Swart, Carin (2008) Life history, population dynamics and conservation status of Oldenburgia grandis (Asteraceae), an endemic of the Eastern Cape of South Africa. Masters thesis, Rhodes University.
Oldenburgia grandis is a rare, long-lived woody paleoendemic of the Fynbos Biome of South Africa. Confined to quartzite outcrops, it has a small geographic range and narrow habitat specificity. O. grandis responds to its fire-prone environment by resprouting. Elasticity analysis of O. grandis reveals that growth and fecundity were traded off for persistence of adult, mature and sapling stages. Morphological adaptations such as a corky fire-resistant bark and the ability to resprout after fire are traits that O. grandis have evolved to persist in a frequently disturbed environment. Population growth rate for sites undisturbed by fire for a number of years (l = 1.01) and sites at various stages of recovery after fire (l = 1.00) were very similar. The highest variation in transition probabilities for all sites was seen in the persistence of the seedling stage and growth from seedling to sapling. Observed population structure and stable stage distribution determined by the matrix model show that sites recently undisturbed by fire had high abundances of the adult and sapling stages. A peak in sapling stages was seen for the stable stage distribution where similar peak in sapling numbers were seen for population structures of sites at various stages of recoveryafter fire. Favourable environmental conditions for the persistence of O. grandis populations include no fire with transition probabilities between the observed minimum and maximum and fire frequency at a 10 year interval where seedling protection from the fire is high and adult and mature mortalities during the fire are low. Stochastic environmental events that could put populations (particularly small populations) at an increased risk of extinction include high to moderate fire intensities where seedling protection from the fire is low and adult and mature mortalities are high as a result of the fire.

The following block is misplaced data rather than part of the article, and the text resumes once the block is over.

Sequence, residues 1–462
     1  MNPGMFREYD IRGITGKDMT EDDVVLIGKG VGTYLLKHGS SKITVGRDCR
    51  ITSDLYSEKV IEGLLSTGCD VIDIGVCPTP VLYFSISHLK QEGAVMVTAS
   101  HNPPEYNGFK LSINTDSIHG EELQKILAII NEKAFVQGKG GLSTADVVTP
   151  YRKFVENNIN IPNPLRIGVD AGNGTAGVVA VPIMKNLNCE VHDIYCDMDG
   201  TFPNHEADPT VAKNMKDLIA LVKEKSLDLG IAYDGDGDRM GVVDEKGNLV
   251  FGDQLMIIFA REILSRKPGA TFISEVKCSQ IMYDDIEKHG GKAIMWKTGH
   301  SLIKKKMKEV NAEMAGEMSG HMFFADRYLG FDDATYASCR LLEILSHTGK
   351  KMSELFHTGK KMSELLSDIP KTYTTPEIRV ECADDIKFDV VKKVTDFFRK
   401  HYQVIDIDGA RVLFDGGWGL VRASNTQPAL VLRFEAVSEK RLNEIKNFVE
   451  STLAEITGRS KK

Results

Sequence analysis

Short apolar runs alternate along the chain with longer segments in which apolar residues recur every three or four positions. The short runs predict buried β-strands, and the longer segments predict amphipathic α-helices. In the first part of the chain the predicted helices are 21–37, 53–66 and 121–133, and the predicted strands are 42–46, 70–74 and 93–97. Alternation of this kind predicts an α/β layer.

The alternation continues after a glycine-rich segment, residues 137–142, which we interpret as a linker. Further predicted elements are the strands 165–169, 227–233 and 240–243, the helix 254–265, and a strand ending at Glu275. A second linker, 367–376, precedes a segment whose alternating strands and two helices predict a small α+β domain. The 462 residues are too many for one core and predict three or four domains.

|Item Type:||Thesis (Masters)|
|Uncontrolled Keywords:||Fynbos, Ecology, Endemic plants, Rare plants, Eastern Cape, South Africa, Endangered|
|Subjects:||Q Science > QK Botany|
|Divisions:||Faculty > Faculty of Science > Botany|
|Deposited By:||Mrs Carol Perold|
|Deposited On:||25 Apr 2012 12:59|
|Last Modified:||25 Apr 2012 12:59|
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